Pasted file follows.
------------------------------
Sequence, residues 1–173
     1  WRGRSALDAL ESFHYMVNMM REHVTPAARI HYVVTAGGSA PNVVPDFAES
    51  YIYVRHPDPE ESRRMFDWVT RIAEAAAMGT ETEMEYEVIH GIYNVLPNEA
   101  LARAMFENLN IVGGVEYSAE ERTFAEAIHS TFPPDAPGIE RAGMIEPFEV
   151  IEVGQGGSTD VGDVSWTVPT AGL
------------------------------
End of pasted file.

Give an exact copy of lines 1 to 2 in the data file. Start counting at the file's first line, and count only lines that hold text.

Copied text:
Sequence, residues 1–173
     1  WRGRSALDAL ESFHYMVNMM REHVTPAARI HYVVTAGGSA PNVVPDFAES